For all of our technology enthusiasts, we, at The Good News Notebook, have some exciting news. Google is rolling out its hyper-fast Internet services in the four southeastern cities. Construction in Atlanta and the three other cities named Tuesday will begin in a few months, according to Google.
Can we say, “Yahoo!” Well, that’s a poor choice of words, but considering that Google Fiber is more than 100 times faster that cable and DSL providers like AT&T, Charter, xFinity, and other, you see why our digital staff is elated.
So, why is faster internet speed good? First of all, according to Google Fiber’s website, “A better network enhances opportunities to connect with the things we love.” In addition, you get 100 times more speed at only $70 per month; a rate that is clearly affordable for low income families and businesses on the go. Clearly, Google Fiber is Good News as the firm seeks to expand to over 34 cities in 9 metro areas across the U.S.
For students and schools, this addition of Google Fiber to the newly formed, “one-to-one technology” initiative is a game changer. Now, high definition video broadcasts and even, internet based standardized testing methods can be readily implemented with the concerns for bandwidth or speed.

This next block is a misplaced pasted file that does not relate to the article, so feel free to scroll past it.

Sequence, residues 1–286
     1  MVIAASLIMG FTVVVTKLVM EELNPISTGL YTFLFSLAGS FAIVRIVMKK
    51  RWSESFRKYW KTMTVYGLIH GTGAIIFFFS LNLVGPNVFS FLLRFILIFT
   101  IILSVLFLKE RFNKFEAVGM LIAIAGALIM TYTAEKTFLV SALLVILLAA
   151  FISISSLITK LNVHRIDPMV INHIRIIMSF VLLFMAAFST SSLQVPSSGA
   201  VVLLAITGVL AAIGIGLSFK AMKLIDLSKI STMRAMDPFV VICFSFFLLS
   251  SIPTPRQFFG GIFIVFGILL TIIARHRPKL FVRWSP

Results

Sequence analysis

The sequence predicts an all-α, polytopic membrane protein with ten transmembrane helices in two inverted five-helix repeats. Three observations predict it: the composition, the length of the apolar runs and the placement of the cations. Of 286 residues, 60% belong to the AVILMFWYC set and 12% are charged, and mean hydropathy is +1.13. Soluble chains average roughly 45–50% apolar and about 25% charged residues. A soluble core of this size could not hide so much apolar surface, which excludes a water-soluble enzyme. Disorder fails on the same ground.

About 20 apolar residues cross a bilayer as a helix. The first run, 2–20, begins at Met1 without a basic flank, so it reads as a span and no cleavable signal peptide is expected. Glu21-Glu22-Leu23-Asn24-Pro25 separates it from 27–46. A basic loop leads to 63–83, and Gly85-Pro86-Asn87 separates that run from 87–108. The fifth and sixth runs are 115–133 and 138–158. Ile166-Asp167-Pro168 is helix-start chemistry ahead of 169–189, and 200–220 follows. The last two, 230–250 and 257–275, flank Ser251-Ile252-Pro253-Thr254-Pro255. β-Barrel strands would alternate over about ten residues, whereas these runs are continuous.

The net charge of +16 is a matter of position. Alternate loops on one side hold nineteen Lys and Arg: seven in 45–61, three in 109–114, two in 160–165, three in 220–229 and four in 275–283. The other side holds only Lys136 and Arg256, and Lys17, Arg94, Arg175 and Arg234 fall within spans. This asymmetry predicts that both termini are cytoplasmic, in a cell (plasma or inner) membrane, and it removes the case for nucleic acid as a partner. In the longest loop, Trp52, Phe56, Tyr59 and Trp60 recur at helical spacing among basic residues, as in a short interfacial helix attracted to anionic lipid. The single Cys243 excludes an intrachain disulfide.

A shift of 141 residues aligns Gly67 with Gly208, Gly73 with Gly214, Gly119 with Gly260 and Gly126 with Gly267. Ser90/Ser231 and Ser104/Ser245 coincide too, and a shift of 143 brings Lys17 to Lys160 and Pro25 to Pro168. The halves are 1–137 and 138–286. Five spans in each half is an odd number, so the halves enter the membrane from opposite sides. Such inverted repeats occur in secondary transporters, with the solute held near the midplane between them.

HOW GOOGLE FIBER DOES GOOD
However, we, at the GoodNewsNotebook.com, love the story of Nick LeGrand. Watch this touching video of how GoogleFiber allowed little Nick achieve a BIG DREAM.
Just like any other 13-year-old baseball fan, Nick had dreams of one day making it to the majors. Being diagnosed with a rare blood disorder put that dream on hold—until, that is, Nick’s family, the baseball community and Google Fiber teamed up and used the power of web to make his dream a reality. With the help of the web, Nick was able to throw out the first pitch at A’s/Yankee’s game at the Oakland Coliseum in California from the Google Fiber Space in Kansas City—more than 1800 miles away.
After months of a worldwide search, Nick found a bone marrow donor. But there are thousands of people like Nick who still need a match. For more information on how to be a match, visit: www.bethematch.org
The announcement marks the latest salvo in a growing battle between Google and more traditional Internet providers for the next generation of Web users. It also comes on the heels of President Obama’s call to promote broadband in cities that are unserved or underserved by large commercial providers. Google Fiber already sells Internet service with download speeds of up to 1 gigabit per second — roughly 100 times faster than the national average — for $70 a month in other cities, such as Provo, Utah.